The vivid green of peridot, with just a slight hint of gold, is the ideal gemstone colour to go with that light summer wardrobe. No wonder – since peridot is the gemstone of the summer month of August.
Peridot is a very old gemstone, and one which has become popular again today. It can be found in Egyptian jewellery from the early 2nd millennium BC. The stones used at that time came from a deposit on a small volcanic island in the Red Sea, some 45 miles off the Egyptian coast at Aswan. This was not rediscovered until about 1900 and has subsequently been exhausted. On the other hand peridot is a thoroughly modern gemstone. It is only relatively recently that peridot deposits were located in the Kashmir region, with the stones from those deposits, being of an incomparably beautiful colour and transparency.
The ancient Romans were fond of this peridot and valued its radiant green shine, which does not change even in artificial light. For that reason they nicknamed it the 'emerald of the evening'. Peridot is also found in Europe in medieval churches, where it adorns many a treasure, for example one of the shrines in Cologne Cathedral. During the baroque period, the rich green gemstone once again enjoyed a brief heyday, and then it somehow faded into oblivion.
In the middle of the 1990s, the peridot was the big sensation at gemstone fairs all round the world. The reason for this was that in Pakistan, up on an inhospitable pass at some 4000 metres (13,120 ft.), a sensationally rich deposit of the finest peridot had been found. In tough climatic conditions which permitted the gemstones to be mined only during the summer months, the unusually large, fine crystals and fragments were brought down into the valley. These stones were finer than anything that had ever been seen before. In order to emphasise the special quality of the peridot from Pakistan, these stones are offered as 'Kashmir peridot', following the famous Kashmir sapphires. Creative gemstone cutters have succeeded in cutting some fascinatingly beautiful one-off stones of more than 100 carats from some of the large, fine, clear crystals with their magnificent rich green!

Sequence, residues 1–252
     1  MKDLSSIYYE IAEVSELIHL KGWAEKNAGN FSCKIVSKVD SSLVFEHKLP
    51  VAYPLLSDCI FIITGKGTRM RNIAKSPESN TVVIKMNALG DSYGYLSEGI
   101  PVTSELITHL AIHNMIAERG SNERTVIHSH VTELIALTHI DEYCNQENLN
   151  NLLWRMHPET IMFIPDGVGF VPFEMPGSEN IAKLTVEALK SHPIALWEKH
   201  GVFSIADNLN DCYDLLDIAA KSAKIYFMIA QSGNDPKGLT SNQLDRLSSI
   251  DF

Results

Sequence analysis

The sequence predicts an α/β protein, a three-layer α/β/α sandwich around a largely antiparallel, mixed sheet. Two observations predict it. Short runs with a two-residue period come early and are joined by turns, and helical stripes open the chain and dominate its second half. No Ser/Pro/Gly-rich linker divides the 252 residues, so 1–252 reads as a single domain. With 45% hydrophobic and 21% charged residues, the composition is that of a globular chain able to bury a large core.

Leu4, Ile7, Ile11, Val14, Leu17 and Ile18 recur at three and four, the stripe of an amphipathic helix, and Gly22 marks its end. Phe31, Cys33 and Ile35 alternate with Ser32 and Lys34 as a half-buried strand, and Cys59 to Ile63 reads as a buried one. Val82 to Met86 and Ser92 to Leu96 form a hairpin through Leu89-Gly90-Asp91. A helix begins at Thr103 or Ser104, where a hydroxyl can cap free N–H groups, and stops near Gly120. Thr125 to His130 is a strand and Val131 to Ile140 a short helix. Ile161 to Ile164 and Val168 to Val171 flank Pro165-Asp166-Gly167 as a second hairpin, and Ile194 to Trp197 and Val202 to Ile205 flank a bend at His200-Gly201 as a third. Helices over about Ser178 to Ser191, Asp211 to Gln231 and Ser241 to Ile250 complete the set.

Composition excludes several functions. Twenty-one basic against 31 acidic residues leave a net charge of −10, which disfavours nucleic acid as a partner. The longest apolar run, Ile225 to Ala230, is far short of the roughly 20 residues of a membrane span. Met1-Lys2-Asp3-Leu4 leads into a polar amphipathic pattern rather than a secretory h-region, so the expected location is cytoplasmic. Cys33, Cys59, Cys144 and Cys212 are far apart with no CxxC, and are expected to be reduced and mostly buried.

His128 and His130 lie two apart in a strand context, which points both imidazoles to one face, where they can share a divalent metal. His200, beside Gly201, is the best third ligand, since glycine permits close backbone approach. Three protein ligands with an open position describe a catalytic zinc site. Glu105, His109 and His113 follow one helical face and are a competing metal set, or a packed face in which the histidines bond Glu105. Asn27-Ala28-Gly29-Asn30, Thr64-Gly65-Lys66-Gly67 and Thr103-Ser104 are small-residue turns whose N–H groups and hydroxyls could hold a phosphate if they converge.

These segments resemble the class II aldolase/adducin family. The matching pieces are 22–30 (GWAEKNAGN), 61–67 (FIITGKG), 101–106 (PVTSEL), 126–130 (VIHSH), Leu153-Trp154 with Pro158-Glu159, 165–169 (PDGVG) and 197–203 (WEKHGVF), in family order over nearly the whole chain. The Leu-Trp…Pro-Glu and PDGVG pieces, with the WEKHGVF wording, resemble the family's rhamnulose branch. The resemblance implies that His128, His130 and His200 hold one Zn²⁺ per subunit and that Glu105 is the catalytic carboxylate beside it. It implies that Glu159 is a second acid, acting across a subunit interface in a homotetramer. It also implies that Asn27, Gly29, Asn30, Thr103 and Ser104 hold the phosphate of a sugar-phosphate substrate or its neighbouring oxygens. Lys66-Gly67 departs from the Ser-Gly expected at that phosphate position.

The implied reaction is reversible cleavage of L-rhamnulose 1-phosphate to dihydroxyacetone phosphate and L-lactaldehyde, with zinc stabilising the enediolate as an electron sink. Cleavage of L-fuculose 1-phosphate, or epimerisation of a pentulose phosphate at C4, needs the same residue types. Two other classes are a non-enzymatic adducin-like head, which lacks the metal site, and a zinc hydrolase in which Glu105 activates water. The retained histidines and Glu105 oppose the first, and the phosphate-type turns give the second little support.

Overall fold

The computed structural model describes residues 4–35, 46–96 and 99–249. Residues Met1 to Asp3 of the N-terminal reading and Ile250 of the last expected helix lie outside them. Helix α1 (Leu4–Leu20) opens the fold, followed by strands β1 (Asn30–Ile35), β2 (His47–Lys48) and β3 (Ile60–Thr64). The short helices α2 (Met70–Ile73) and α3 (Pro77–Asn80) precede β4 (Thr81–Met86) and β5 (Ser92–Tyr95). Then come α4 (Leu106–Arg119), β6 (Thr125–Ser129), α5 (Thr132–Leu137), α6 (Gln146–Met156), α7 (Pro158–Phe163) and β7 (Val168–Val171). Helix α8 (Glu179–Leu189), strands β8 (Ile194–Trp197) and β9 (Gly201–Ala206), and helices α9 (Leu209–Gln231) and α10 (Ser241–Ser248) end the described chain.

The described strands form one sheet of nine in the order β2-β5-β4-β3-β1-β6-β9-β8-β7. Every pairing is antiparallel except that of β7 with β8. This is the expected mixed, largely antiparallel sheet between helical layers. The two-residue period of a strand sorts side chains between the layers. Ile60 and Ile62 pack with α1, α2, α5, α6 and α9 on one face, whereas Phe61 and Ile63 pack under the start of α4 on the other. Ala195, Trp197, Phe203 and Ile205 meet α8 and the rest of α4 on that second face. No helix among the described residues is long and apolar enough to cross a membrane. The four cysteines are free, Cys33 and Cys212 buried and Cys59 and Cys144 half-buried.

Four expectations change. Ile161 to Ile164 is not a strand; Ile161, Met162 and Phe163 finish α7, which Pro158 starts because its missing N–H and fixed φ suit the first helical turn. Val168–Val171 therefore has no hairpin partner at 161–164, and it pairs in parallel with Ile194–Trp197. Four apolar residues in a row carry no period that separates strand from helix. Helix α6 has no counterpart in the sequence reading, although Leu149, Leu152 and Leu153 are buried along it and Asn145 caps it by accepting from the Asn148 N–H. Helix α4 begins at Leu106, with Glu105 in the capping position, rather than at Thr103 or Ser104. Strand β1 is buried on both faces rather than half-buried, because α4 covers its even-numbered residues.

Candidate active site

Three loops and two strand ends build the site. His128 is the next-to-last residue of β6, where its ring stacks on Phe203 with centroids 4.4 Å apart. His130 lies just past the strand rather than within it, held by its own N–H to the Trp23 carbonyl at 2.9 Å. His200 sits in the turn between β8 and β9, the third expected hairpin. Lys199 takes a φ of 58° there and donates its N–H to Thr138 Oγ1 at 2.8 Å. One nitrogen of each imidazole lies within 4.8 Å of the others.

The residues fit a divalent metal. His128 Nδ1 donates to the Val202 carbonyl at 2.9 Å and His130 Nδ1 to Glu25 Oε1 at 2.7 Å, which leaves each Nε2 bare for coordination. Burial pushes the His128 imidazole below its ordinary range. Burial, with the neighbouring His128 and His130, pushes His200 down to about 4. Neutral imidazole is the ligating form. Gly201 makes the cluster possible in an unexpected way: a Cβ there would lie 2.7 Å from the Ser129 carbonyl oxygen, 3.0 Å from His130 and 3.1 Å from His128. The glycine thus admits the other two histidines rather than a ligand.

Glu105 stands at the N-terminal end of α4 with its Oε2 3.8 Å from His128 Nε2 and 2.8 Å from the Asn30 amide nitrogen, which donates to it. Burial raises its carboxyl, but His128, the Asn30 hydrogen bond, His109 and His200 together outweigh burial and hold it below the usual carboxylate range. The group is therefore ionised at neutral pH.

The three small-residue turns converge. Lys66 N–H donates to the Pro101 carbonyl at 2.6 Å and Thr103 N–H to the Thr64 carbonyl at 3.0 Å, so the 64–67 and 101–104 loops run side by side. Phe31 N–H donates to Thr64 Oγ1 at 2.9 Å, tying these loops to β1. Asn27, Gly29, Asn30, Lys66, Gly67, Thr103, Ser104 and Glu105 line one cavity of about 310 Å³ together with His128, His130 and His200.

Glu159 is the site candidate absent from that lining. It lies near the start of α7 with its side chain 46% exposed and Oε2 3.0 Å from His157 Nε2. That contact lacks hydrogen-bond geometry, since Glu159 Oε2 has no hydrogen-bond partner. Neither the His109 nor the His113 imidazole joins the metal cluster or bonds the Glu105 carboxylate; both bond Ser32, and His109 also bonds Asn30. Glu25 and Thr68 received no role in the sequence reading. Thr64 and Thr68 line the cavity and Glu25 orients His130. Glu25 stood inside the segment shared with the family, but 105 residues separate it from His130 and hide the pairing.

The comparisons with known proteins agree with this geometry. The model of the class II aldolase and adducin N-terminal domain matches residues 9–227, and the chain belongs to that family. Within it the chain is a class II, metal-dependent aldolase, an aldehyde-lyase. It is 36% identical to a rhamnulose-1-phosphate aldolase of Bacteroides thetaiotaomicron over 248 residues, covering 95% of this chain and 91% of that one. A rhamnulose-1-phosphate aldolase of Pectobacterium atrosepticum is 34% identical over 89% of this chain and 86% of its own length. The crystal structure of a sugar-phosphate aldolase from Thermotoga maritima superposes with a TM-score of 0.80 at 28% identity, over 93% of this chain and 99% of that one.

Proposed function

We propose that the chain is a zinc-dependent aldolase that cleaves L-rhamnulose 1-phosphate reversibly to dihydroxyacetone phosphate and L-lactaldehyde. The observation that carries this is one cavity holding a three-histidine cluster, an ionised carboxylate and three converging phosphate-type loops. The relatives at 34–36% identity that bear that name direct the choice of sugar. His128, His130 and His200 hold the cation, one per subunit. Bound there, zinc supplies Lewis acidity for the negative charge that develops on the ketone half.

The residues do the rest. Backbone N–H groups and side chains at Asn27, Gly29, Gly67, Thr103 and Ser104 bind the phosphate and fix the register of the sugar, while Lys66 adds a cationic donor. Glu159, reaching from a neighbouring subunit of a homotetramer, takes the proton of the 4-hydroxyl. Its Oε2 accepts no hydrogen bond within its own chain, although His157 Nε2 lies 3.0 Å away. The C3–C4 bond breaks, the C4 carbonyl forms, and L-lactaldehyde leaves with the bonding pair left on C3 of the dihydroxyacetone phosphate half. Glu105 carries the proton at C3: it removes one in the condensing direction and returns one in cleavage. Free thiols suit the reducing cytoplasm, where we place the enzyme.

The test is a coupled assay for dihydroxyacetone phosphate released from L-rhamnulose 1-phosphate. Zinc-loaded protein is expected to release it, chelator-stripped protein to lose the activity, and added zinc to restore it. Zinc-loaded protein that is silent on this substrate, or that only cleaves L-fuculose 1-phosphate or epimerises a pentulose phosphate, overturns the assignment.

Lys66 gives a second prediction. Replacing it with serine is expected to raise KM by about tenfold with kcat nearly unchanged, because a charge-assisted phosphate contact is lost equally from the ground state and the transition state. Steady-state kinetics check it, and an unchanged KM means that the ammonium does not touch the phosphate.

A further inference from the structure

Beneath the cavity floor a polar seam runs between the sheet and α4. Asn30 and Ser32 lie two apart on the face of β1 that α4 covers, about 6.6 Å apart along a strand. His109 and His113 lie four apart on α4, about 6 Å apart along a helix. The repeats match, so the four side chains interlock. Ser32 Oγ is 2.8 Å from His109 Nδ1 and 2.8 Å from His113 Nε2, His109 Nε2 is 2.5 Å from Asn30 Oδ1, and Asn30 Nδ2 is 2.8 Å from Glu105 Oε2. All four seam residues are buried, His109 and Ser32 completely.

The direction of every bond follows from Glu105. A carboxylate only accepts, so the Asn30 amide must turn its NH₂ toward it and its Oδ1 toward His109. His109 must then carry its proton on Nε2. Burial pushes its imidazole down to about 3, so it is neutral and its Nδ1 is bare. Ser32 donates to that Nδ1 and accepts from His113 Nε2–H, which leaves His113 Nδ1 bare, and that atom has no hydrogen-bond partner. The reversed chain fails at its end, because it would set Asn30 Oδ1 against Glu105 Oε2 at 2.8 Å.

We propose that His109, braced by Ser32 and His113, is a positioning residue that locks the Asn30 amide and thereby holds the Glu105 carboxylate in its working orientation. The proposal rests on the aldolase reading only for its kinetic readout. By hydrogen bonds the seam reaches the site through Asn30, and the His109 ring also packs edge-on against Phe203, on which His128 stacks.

Peridot has no fewer than three names: 'peridot', 'chrysolite', from the Greek 'gold stone', and 'olivine', for the peridot is the gemstone form of the mineral olivine. In the gemstone trade it is called 'peridot', derived from the Greek word 'peridona', which means something like 'to give richness'.
Peridot is one of the few gemstones which come in one colour only. The rich, green colour with the slight tinge of gold is caused by very fine traces of iron. From a chemical point of view, peridot is an iron magnesium silicate. The intensity of the colour depends on the amount of iron present. The colour itself can vary over all shades of yellowish green and olive, and even to a brownish green. Peridot is not particularly hard - only 6.5 to 7 on the Mohs scale - but it is easy to look after and fairly robust. Peridot cat's eyes and star peridot are particularly rare and precious.
The most beautiful stones come from the border area between Pakistan and Afghanistan. However, the peridot as a gemstone also exists in Myanmar, China, the USA, Africa and Australia. Stones from East Burma, now known as Myanmar, have a vivid light green and fine inclusions with a silky shine to them. Peridot from Arizona, where it is popularly used in native American jewellery, often has somewhat yellowish or gold-brown nuances.
Peridot adds a wonderful variant to the colour spectrum of green gemstones.